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No One Would Listen: A True Financial Thriller [Audiobook] [Audio CD]

Harry Markopolos , Scott Brick
4.2 out of 5 stars  See all reviews (26 customer reviews)
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Book Description

8 Feb 2011
Harry Markopolos and his team of financial sleuths discuss first–hand how they cracked the Madoff Ponzi scheme No One Would Listen is the thrilling story of how the Harry Markopolos, a little–known number cruncher from a Boston equity derivatives firm, and his investigative team uncovered Bernie Madoff′s scam years before it made headlines, and how they desperately tried to warn the government, the industry, and the financial press. Page by page, Markopolos details his pursuit of the greatest financial criminal in history, and reveals the massive fraud, governmental incompetence, and criminal collusion that has changed thousands of lives forever–as well as the world′s financial system. The only book to tell the story of Madoff′s scam and the SEC′s failings by those who saw both first hand Describes how Madoff was enabled by investors and fiduciaries alike Discusses how the SEC missed the red flags raised by Markopolos Despite repeated written and verbal warnings to the SEC by Harry Markopolos, Bernie Madoff was allowed to continue his operations. No One Would Listen paints a vivid portrait of Markopolos and his determined team of financial sleuths, and what impact Madoff′s scam will have on financial markets and regulation for decades to come.
--This text refers to the Hardcover edition.

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Product details

  • Audio CD
  • Publisher: Brilliance Corporation; Unabridged edition (8 Feb 2011)
  • Language: English
  • ISBN-10: 9781455819119
  • ISBN-13: 978-1455819119
  • ASIN: 1455819115
  • Product Dimensions: 1.8 x 1.3 x 0.4 cm
  • Average Customer Review: 4.2 out of 5 stars  See all reviews (26 customer reviews)
  • Amazon Bestsellers Rank: 1,787,032 in Books (See Top 100 in Books)
  • See Complete Table of Contents

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Review

[ STARRED REVIEW ] Markopolos, the whistleblower who filed five unheeded complaints against Ponzi king Bernie Madoff over nine years, has produced an astonishing true–life whodunit set amidst the personalities, plots, and international intrigue of Wall Street. Having collected damning information on money manager Madoff–the respected co–founder of NASDAQ who ran the largest financial scam in history–since 1999, Markopolos′s work as a chartered financial analyst and certified fraud examiner, aided by an industry journalist and two colleagues from his days as a derivatives portfolio manager, lays bare the Security and Exchange Commission (SEC) as a tragically inept regulating agency that "didn′t give a rat′s ass about protecting investors," and seemed to consider Madoff "just another guy cutting some corners." Realizing he had not one but two powerful opponents–"Madoff and this nonfunctioning agency"–Markopolos refused to give up, despite fearing for his life and his family; accordingly, he transmits his team′s determination and fascination in contagious detail. The hows and whys of Madoff′s eventual arrest, Markopolos′s subsequent appearances before Congress, and the carnival of press coverage makes a satisfying conclusion to this strange epic; Markopolos also includes complete documentation of his formal submissions to the SEC, plus his recommendations for much–needed reform at the agency. (Mar.) ( PublishersWeekly.com , March 29, 2010) "…a salutary tale and the detailed regulatory lessons offered in the epilogue deserve attention." ( Financial Times , March 2010)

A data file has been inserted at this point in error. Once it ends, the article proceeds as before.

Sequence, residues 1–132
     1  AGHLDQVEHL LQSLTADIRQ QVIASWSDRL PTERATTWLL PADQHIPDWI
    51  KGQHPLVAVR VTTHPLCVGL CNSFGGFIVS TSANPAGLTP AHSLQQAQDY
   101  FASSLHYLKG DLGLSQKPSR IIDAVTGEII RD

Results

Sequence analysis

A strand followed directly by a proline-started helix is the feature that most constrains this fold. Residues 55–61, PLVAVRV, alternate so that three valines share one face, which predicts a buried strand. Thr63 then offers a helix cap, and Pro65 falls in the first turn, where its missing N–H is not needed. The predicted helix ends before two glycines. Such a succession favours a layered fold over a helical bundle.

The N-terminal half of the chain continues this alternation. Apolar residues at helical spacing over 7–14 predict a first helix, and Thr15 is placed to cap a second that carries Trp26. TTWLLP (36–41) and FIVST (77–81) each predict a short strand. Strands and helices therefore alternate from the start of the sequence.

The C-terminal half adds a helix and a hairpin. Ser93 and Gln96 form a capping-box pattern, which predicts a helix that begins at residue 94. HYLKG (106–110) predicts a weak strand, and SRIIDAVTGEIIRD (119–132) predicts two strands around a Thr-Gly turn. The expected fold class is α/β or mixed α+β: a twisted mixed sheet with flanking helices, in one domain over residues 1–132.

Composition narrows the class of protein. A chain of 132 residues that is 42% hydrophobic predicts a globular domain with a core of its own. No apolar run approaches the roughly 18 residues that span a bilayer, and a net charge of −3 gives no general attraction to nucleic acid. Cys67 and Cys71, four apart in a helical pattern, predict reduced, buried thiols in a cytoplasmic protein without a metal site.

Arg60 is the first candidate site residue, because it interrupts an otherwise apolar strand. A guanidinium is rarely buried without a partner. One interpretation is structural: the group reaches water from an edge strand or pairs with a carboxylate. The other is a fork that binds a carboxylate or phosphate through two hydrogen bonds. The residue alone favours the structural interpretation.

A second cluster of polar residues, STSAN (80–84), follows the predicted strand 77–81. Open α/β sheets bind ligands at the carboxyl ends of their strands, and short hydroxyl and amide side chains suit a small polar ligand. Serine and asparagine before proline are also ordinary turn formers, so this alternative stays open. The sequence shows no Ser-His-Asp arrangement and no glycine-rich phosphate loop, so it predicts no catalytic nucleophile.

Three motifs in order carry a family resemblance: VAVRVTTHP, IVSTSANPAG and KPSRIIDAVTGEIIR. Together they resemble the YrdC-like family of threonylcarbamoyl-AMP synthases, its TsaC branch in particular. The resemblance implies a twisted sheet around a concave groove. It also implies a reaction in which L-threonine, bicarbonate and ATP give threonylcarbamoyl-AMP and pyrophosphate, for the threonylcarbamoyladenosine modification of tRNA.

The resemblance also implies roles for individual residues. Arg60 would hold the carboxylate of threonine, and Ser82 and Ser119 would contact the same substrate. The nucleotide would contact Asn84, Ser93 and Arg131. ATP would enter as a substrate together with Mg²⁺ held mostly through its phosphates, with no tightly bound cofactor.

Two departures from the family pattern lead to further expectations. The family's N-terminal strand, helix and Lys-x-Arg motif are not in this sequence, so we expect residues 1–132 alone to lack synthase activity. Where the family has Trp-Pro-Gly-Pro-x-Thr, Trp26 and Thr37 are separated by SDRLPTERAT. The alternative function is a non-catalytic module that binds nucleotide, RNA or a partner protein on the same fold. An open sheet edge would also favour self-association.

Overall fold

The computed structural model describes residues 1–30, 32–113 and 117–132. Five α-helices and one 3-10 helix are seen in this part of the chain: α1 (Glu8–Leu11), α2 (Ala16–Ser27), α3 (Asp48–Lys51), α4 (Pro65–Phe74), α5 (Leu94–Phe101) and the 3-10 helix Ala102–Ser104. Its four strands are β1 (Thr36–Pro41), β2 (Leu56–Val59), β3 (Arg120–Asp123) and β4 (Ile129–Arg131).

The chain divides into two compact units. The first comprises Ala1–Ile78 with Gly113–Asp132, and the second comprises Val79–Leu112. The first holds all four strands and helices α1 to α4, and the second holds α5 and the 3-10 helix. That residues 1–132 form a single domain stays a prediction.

‘…a salutary tale and the detailed regulatory lessons offered in the epilogue deserve attention.’ (Financial Times, March 2010). ′...a highly readable account...′ (Pensions Week, April 2010). ′...full of details about his dispiriting efforts to alert the authorities to Bernie Madoff′s $65 billion fraud.′ (UK.Reuters.com, March 2010). ′...reads like a thriller, full of purple prose.′ (TimesOnline.co.uk, March 2010). ‘This was easily the most exiting book I have read this year.’  (Actuary, SEptember 2010). --This text refers to the Hardcover edition.

From the Inside Flap